MP3 players come in many forms

Editors note: This is one of several columns that I wrote for the Columbia Missourian. They were originally called Your Digital World

I want my MP3s … and if you do too, there’s more than one way to listen to them. Devices that play MP3s are very hot items this holiday season.

MP3 is the popular file format for recording digital audio because it takes up very little storage space, while at the same time preserving the quality of the audio.

Once you’ve gotten some MP3s, (you can rip them off a CD you own, or get them from file-sharing services like Napster), you need a way to play them.

For a long time the only way to listen to your digital music was on your computer. Special players such as Winamp on PCs and iTunes for the Mac, will play your MP3 files. These programs let you organize your MP3s into playlists of songs you want to hear. These programs are easy to use; they have buttons similar to those on CD players or stereos, such as play, next song, etc.

Portable MP3 players are usually devices about half the size of a CD player that can connect to your computer and download some MP3s. You’ll hear the phrase solid-state memory bandied about in regard to these players, that’s just a techno-term for the player’s storage. It doesn’t have moving parts, like your computer’s hard drive, which has spinning magnetic disks.

The amount of memory is the key to the number of MP3s you can put on the player. Most of your audio files are about 3 to 4 megabytes in size. If your player has 32MB of memory, you store about 9 or 10 MP3s. You can expand the number of songs by putting removable memory into it — depending on the player this can be called Memory Stick, Compact Flash or Smart Media. They all do pretty much the same thing, but be sure to get the right type for your player.

The downside to this removable memory is that it can be pretty expensive per megabyte compared with traditional storage on hard drives or CDs.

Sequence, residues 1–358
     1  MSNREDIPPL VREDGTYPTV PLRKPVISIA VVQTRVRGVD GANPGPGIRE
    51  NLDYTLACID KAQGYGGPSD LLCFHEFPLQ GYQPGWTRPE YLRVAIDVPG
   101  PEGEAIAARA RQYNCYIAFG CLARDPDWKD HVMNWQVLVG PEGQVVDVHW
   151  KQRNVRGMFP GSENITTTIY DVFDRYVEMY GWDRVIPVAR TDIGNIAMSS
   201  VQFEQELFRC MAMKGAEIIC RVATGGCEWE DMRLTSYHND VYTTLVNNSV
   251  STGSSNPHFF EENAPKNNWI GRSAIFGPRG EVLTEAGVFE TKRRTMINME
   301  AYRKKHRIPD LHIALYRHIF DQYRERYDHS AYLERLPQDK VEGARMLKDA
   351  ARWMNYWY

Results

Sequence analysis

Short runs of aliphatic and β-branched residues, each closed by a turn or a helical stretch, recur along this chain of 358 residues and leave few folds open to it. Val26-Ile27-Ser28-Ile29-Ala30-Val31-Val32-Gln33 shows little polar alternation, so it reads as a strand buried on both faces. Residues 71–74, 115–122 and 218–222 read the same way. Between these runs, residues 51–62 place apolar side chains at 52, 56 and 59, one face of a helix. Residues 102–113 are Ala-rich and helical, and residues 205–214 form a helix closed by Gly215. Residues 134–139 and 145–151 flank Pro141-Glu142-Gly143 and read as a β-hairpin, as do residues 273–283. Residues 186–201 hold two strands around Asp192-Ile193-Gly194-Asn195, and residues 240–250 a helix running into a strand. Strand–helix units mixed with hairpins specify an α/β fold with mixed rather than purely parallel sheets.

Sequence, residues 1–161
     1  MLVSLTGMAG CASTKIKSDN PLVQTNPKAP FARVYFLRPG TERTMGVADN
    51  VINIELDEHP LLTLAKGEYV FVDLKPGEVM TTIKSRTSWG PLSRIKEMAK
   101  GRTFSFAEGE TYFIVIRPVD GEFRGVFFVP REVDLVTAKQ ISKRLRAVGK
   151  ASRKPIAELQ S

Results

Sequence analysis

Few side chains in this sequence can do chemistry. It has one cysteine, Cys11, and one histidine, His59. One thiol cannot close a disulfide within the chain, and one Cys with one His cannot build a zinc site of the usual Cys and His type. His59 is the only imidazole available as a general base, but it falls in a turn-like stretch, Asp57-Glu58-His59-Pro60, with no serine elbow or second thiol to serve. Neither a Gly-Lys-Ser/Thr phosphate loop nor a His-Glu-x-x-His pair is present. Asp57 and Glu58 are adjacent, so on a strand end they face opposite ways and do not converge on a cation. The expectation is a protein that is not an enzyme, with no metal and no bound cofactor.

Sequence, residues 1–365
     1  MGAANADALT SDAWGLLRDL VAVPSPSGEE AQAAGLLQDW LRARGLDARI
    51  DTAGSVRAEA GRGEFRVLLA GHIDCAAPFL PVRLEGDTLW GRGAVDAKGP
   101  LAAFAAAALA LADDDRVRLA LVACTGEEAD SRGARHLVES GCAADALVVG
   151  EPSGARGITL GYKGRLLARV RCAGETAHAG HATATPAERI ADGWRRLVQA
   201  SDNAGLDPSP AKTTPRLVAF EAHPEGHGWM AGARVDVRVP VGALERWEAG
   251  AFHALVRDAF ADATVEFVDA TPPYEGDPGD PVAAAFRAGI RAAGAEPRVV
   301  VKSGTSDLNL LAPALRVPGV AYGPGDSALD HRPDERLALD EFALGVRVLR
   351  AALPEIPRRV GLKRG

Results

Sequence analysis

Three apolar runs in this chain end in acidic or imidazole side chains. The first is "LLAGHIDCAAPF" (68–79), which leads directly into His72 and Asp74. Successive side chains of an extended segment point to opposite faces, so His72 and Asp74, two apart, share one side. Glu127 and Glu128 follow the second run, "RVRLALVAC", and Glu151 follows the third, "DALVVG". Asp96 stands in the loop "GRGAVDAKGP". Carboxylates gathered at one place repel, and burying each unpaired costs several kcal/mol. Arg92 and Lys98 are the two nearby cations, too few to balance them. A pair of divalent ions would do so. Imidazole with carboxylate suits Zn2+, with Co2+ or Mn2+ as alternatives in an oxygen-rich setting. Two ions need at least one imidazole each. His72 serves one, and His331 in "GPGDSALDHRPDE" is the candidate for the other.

The first portable alternative to solid-state storage came in the form of MP3 players that had hard drives to store the files. Apples iPod, one of these “MP3 jukeboxes” holds 5 gigabytes of MP3s — that’s about 1,000 average-length songs. These “jukeboxes” have their downsides, too — they cost about as much as their solid-state counterparts, but hard drives are susceptible to shock damage, and they wear down over time. You also have to consider trying to sift through 1,000 songs to find the one you want on a relatively small screen. However, the iPod has been rated one of the best players, especially in menu usability.

The most exciting option for playing MP3s is the new line of hybrid CD players. In addition to playing standard audio CDs, they play discs that are burned with MP3s in a data format. Usually when you burn songs to discs they are converted from MP3 format to CD Audio format, which only gets you about 14 songs. By using a MP3-CD player and an MP3 disc, you can get about 180 songs. These players come at a fraction of the cost of regular players without most of the hassle … and they play regular CDs for when you want to kick it old school. You’ll have to factor in the cost of a CD burner if you don’t have one, but it’s becoming a standard feature on most new computers.

About Chris

Python developer, Agile practitioner trying desperately not to be a pointy haired boss.
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